If you been shopping for Edison bulbs you most probably have seen those shape code numbers in the bulb's description. For example ST18, ST58, ST21, ST64, G25, G30, G40, A19, A21, and A23. What do those codes mean?
The reason I decided to write about this now is that I've noticed the shape codes of the vintage light bulbs being sold in the US are now presented in two different measurement systems which can be very confusing.
The two measurement systems are the imperial and metric system. As you already know here in the US we use the Imperial system. We measure distance by units of inches, feet, yards, and miles. Most other countries use the metric system which measures distance by units of millimeters, centimeters, meters, and kilometers.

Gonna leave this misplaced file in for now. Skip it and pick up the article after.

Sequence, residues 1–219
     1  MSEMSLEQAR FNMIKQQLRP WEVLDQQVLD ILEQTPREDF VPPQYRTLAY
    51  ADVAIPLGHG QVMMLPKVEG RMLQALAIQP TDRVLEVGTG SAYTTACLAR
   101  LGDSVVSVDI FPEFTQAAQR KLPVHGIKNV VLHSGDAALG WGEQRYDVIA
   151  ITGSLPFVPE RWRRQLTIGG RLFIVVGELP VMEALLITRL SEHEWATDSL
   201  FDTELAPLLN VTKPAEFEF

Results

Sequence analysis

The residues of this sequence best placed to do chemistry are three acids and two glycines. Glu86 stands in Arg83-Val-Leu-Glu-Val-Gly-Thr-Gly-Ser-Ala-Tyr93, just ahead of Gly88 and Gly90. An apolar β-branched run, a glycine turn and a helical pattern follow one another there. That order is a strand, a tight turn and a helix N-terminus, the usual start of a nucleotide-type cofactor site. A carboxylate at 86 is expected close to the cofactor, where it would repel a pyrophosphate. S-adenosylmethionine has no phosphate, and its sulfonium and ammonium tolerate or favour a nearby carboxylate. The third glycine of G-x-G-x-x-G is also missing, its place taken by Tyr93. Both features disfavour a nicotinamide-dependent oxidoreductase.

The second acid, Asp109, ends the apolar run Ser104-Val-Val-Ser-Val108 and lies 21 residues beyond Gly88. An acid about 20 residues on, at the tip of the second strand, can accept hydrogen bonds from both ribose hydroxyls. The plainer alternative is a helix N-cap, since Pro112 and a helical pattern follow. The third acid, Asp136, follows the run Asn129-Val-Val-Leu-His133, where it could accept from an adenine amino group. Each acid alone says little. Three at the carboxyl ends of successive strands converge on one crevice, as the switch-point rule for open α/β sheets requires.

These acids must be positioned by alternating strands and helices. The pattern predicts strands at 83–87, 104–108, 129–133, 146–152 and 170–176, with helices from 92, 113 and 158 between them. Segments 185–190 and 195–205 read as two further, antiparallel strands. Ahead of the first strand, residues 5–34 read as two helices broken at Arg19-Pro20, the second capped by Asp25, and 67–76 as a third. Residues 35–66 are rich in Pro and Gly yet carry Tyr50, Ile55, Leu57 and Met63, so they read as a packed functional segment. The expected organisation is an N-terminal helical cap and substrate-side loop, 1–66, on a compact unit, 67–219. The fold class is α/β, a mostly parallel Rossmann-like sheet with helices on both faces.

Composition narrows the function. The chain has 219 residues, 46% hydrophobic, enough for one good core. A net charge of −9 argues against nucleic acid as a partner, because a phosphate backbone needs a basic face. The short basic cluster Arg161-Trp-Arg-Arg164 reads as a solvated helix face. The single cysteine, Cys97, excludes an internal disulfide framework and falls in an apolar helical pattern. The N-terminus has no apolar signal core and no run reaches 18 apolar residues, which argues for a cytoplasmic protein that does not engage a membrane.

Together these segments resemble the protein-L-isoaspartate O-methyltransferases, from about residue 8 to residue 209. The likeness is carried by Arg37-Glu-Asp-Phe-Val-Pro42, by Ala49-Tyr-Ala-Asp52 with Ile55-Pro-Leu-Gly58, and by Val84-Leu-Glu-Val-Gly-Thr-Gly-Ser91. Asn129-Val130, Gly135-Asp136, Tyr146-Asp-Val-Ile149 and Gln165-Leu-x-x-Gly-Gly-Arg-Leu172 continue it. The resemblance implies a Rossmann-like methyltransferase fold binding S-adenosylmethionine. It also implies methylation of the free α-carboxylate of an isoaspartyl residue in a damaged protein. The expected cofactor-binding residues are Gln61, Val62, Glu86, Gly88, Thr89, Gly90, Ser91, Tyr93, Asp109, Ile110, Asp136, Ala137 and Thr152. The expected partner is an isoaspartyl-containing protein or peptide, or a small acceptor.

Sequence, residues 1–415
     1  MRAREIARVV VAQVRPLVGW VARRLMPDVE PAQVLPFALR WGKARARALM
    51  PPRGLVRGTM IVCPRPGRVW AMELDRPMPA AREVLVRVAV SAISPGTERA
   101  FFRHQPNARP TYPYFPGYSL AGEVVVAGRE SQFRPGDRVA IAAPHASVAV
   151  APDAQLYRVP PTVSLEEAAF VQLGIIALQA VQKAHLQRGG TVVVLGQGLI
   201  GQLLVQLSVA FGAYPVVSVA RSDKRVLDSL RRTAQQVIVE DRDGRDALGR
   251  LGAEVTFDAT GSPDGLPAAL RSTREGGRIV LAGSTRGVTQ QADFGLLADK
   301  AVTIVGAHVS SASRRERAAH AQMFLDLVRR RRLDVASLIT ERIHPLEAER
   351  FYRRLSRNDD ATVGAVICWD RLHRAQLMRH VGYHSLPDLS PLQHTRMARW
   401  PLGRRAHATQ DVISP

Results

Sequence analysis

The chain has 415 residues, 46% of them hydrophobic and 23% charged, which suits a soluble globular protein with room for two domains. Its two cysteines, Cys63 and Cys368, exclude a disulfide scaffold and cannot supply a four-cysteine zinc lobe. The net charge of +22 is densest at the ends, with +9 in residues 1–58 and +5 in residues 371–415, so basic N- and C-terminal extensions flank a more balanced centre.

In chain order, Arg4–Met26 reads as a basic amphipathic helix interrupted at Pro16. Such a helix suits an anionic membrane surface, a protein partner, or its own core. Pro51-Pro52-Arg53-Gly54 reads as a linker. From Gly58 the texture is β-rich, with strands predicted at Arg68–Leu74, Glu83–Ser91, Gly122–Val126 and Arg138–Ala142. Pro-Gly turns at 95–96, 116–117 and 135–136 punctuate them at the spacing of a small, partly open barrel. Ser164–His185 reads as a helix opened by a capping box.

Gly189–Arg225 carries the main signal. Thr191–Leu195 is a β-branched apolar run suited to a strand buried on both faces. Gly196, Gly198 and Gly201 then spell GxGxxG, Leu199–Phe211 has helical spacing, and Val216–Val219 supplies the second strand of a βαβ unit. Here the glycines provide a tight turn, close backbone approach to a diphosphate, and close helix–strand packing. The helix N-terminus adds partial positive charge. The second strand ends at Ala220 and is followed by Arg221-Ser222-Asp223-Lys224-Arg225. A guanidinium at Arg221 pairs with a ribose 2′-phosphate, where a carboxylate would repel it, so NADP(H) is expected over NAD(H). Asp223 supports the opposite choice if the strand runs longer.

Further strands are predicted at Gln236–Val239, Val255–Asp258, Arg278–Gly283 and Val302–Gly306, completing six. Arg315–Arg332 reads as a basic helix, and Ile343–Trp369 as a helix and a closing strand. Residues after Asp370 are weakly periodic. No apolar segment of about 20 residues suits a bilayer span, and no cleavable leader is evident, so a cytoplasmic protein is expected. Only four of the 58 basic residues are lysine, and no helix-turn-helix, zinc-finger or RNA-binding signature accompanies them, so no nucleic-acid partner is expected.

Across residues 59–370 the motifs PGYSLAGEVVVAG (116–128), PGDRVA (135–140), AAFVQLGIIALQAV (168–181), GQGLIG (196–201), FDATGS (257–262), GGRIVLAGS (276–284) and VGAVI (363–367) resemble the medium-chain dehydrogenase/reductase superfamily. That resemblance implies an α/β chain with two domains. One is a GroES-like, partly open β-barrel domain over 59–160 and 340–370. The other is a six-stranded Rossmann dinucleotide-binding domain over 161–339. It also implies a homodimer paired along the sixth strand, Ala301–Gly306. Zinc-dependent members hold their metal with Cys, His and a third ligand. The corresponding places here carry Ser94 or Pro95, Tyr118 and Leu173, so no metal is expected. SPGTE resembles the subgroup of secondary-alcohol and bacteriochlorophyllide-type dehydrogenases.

Now here is the confusing part:
The most popular Edison bulbs are the ST18 and ST21. Those are the codes in the US (inches). Many online stores label those bulbs as ST58 and ST64 which is the same thing but in metrics. So for example, if you buy a fixture and it calls for ST58 bulbs, now you know it the same as ST18.
I put together this table for some of the most popular vintage bulbs so you can easily see both codes for each bulb.
So what do those letters and numbers mean?
1. The numbers represent the bulb's diameter. You will need to multiply the number by 1/8 to get the diameter in inches. So, the ST18 is 18 times 0.125 which is 2.25. This means that the diameter of the Edison ST18 bulb is 2.25". The same applies to the rest of the bulb codes.
2. The letters represent the shape of the bulb. See chart below of the different bulb shapes:
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